Guy - Guy Music Album Reviews

Guy - Guy Music Album Reviews
Each Sunday, Pitchfork takes an in-depth look at a significant album from the past, and any record not in our archives is eligible. Today, we revisit Guy’s self-titled debut, the album that solidified the sound of new jack swing and established Teddy Riley as the most influential R&B producer of the late 1980s.

When Timmy Gatling picked up the phone, it sounded like there was a party happening. “Timmy, you gotta come over here right now—you gotta hear this song,” Teddy Riley said, over a booming drum track and chattering voices. Gatling hung up and walked 15 minutes through Harlem to Riley’s apartment in Building 225 of the St. Nicholas housing project. When he entered the living room that Riley’s mother allowed them to use as a recording studio, there was indeed a party. Riley liked to keep the windows open, blasting his new tracks out to the whole neighborhood—and tonight, Harlem was witnessing the birth of an R&B masterpiece.

The beat playing on a loop—the beginnings of what would become “Groove Me,” the breakout single by Riley and Gatling’s new band, Guy—had the party going crazy. Gatling workshopped the lyrics and melody with Aaron Hall, Guy’s electric lead singer. Hall stepped into the apartment’s bathroom, where blanket curtains soundproofed a makeshift vocal booth installed in the shower, and knocked out a take. Weeks later the group would attempt to re-record the track in a professional studio, but nothing matched the raw energy of the vocals that Hall recorded at the party that night.

Released in the summer of 1988, Guy’s self-titled debut redefined R&B music for the hip-hop generation. With club hits like “Groove Me” and “I Like,” Guy is best known for its melodic, uptempo synth-funk, and for positioning Teddy Riley as the wunderkind producer at the center of the new jack swing craze. Despite the name, Guy was not the work of one guy but of three guys, all in their early 20s: Riley, the resourceful producer; Timmy Gatling, the passionate songwriter; and Aaron Hall, the golden voice.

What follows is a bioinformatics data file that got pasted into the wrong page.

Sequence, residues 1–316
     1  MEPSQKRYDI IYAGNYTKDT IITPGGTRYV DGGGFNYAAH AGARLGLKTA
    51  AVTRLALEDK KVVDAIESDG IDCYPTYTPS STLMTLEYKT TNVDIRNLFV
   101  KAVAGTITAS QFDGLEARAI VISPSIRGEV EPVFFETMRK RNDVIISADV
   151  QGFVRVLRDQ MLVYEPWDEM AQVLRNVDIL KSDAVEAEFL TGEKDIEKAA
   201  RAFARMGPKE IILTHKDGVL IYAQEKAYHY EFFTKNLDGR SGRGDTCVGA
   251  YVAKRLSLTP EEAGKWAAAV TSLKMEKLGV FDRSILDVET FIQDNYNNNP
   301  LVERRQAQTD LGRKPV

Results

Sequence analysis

Childhood friends Riley and Gatling got their first taste of fame in 1984 as members of Kids at Work, a New Edition-inspired teen pop trio signed to CBS. Unlike New Edition, though, the Kids wrote all their own songs and played their own instruments—Teddy on keys and Timmy on bass. They grew up listening to a diverse mix of soul, funk, go-go, gospel, and hip-hop, but the Kids at Work project aimed for safe, radio-friendly R&B. The group’s single “Singing Hey Yea” got major spins on New York City’s R&B stations, rising as high as No. 64 on Billboard’s Hot Rap/R&B Singles chart. The Kids released one LP, but the label dropped them after their manager, Gene Griffin, got locked up on drug charges.

Reeling from the disappointment, Teddy graduated from high school and dove head first into the city’s hip-hop scene, helping a former classmate, Doug E. Fresh, produce his gold-selling 1985 single “The Show.” Rap music was transitioning from its sparse electro sound to the looser, funkier, sample-based beats that would define late-’80s hip-hop. Riley’s early work for artists like Kool Moe Dee and Heavy D split the difference, mixing slinky synth basslines and intricate drum programming with whimsical keyboard interpolations and punchy James Brown samples. In 1987, the Harlem R&B singer Keith Sweat, impressed by Riley’s hip-hop work, asked the producer to collaborate. Their first cut—a dramatic burst of orchestral hits and skittering drum machines called “I Want Her”—rose all the way to No. 1 on the Hot Rap/R&B Singles chart, whetting the public’s appetite for uptempo club tracks that mixed harder hip-hop production sensibilities with smooth R&B melody. Riley coached Sweat through the sultry, nasal delivery that would become his signature and worked on every track from his subsequent hit album, Make It Last Forever. But though he was central to its creation, Riley was paid only $1,500 for his work and received an underwhelming “co-producer” credit on four songs.